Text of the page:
Social media giant Facebook made some unintentional news in early February as part of a major article on the company in Wired, entitled “Inside the Two Years That Shook Facebook -- And the World.” The piece was primarily about the 2016 election, among other things, and recent revelations that foreign operatives had manipulated social networks like Facebook in order to swing the outcome of the election. It also examines how Facebook was able to find two leakers who told a Gizmodo reporter about its news operations in 2016.
But, buried deep inside the massive, 11,000-word article was a revelation that shone a light on Facebook’s internal privacy controls.
From a Business Insider story on the event:
“To corporate giants like Facebook, leaks to rivals or the media are a cardinal sin. That notion was clear in a new Wired story about Facebook's rocky time over the last two years. The story talks about how Facebook was able to find two leakers who told a Gizmodo reporter about its news operations. But one source for the Wired story highlighted just how concerned employees are about how their company goes after leakers. According to the story, the source, a current Facebook employee, asked a Wired reporter to turn off his phone so Facebook wouldn't be able to use location tracking and see that the two were close to each other for the meeting.”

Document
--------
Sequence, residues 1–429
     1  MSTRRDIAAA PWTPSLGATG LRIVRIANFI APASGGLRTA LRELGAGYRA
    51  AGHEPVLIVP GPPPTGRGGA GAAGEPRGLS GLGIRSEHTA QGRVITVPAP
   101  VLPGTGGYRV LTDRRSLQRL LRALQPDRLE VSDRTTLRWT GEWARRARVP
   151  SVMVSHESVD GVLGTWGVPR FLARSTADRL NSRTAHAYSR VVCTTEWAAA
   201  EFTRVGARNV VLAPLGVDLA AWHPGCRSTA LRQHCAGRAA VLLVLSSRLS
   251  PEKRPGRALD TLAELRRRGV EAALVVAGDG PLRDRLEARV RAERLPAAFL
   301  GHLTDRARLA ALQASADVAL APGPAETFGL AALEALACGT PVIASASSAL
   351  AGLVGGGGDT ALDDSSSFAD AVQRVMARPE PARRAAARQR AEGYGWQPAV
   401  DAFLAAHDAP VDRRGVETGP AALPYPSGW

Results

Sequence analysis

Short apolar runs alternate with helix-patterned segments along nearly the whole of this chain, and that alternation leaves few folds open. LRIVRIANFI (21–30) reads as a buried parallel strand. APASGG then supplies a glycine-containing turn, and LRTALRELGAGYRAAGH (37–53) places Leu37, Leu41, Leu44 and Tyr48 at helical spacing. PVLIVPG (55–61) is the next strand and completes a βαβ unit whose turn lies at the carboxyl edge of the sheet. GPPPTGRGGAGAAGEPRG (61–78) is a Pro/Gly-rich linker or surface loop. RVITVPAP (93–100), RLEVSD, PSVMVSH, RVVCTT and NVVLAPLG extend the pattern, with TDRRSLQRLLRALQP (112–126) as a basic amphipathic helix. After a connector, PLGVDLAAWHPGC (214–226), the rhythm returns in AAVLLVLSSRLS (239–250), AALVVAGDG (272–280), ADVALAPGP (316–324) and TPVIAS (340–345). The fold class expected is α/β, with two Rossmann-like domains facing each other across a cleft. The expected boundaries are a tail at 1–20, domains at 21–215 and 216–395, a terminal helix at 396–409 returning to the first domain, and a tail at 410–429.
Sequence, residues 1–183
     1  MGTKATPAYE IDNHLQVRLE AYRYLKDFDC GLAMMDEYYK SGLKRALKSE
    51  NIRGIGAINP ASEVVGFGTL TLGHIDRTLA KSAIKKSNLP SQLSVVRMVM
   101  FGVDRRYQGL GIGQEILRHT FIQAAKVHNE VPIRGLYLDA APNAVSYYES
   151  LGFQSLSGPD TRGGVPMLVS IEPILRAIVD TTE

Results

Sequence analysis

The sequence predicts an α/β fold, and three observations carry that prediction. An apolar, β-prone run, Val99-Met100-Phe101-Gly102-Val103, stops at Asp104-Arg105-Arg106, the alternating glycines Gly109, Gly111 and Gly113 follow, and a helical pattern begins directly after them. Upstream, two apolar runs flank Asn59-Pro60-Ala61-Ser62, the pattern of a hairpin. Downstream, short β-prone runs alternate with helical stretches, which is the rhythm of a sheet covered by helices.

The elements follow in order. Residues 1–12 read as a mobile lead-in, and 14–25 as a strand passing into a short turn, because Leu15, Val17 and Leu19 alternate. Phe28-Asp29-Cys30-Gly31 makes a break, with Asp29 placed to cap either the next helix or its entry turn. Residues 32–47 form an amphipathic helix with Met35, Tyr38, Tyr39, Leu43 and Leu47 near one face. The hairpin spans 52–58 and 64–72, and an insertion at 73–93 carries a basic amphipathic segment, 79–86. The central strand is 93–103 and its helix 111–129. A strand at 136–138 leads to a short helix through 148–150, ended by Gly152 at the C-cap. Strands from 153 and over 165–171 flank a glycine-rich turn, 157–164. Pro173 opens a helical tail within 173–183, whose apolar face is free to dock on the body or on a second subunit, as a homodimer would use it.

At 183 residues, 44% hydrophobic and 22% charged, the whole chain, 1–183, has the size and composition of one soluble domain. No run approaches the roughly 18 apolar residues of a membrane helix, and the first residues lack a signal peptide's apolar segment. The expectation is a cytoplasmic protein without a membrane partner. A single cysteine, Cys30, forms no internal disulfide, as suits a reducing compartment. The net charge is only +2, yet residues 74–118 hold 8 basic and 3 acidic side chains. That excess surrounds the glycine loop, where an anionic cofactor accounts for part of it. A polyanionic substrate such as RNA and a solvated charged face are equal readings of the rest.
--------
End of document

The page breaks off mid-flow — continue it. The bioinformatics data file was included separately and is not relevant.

Two things to mention here: Clearly, Facebook is taking its leak controls seriously. But also, its employees fully understand how to avoid detection and the leaks continue.
Still, none of this is a surprise.
In today’s compliance-focused business environment, enterprises need to make sure they know what is being said and done in their name -- and that increasingly means making use of technology tools to monitor activity. The rules of privacy are changing, particularly when it comes to employers and their employees, and the policies that Facebook has apparently implemented to address its problem with leaks will soon become commonplace across all industries.